The WTI crude spot price closed practically unchanged for the week, at $53.86 per barrel on Friday, while the Brent crude spot price lost 0.16% for the week to close at $56.65 per barrel, despite bearish EIA weekly reports on Wednesday. Crude oil bulls weighed in with arguments about EIA bearish data, as they were trying to defend crude prices. The bulls got huge support from the Paris-based International Energy Agency, or IEA, on Thursday, after reporting that it had estimated OPEC’s crude oil output at 32.1 million barrels per day, or bpd, in January with record compliance, and some producers, especially Saudi Arabia, cut more than pledged.
Short positions in WTI crude oil futures contracts held by producers or merchants totaled more than 657,566 contracts as of February 7, 2017, a record high, according to CFTC data. The open interest also stands at a record high of 2,191,158 contracts, equivalent to about 2.19 billion barrels of WTI crude oil. Crude oil producers could take short hedge positions to lock in a future selling price to protect against a falling crude oil price. Some banks also require producers to hedge against future price risks as a condition for lending.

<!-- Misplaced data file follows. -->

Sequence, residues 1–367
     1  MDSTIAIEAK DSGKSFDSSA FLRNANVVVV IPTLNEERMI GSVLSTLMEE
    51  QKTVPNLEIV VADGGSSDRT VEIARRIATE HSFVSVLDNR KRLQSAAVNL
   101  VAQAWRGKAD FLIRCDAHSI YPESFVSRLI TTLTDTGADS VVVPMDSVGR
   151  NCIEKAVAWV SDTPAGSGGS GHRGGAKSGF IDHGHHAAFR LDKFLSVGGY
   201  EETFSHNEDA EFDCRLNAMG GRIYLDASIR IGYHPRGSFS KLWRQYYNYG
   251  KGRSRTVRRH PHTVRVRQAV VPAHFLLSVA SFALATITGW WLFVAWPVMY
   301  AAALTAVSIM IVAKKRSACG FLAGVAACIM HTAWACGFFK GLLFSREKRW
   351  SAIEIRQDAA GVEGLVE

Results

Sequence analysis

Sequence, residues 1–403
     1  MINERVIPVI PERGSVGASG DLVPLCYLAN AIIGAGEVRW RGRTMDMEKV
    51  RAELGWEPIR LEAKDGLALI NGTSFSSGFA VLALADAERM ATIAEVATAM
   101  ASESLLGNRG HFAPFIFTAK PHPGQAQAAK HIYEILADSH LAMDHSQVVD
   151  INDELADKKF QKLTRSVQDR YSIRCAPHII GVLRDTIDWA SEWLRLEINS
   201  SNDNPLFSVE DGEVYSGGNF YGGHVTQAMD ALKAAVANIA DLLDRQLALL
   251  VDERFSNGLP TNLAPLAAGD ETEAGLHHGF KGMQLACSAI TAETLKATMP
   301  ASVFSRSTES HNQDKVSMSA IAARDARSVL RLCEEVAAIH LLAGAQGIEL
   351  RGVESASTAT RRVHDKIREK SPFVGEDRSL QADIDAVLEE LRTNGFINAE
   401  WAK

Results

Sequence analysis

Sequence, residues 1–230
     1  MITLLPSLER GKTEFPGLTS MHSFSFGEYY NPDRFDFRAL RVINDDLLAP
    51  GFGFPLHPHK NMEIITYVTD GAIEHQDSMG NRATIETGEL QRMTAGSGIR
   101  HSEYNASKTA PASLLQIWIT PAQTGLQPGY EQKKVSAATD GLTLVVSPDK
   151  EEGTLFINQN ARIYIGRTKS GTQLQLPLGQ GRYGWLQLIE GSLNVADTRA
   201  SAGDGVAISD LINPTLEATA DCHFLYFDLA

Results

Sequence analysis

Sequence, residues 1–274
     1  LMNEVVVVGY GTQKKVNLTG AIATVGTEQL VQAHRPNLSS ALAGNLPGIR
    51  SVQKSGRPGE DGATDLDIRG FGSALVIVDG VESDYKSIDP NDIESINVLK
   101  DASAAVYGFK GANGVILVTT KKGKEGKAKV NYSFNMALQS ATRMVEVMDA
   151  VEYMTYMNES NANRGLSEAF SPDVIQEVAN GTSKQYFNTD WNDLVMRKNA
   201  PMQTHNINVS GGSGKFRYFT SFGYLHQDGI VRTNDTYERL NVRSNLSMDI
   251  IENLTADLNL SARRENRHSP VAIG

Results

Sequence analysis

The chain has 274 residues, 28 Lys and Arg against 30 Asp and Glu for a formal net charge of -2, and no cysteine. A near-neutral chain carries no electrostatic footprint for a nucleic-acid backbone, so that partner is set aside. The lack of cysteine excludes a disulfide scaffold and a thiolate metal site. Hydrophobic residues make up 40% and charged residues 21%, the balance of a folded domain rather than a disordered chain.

The EIA weekly U.S. oil inventory report on Wednesday showed that domestic crude supplies increased by another 13.8 million barrels to 508.6 million barrels, excluding the Strategic Petroleum Reserve, in the week ending February 3, compared to the S&P Global Platts forecast for a stockpile increase of 2.5 million barrels. The American Petroleum Institute, or API, inventory data on Tuesday showed a U.S. crude inventory build of 14.2 million barrels.
Separately, the EIA said the weekly U.S. crude oil production increased 63,000 bpd, for the week ending February 3, to 8.978 million bpd. U.S. crude oil output increased 8,000 bpd to an average 8.95 million bpd in February, compared to a January average of 8.942 million bpd. Output has fallen about 6.77% from the peak level of 9.60 million bpd in June 2015. Houston-based oilfield services company Baker Hughes Inc. said on Friday that the U.S. oil rig count jumped another 8 to 591, compared to 316, when the rig count hit the low on June 6, 2016.
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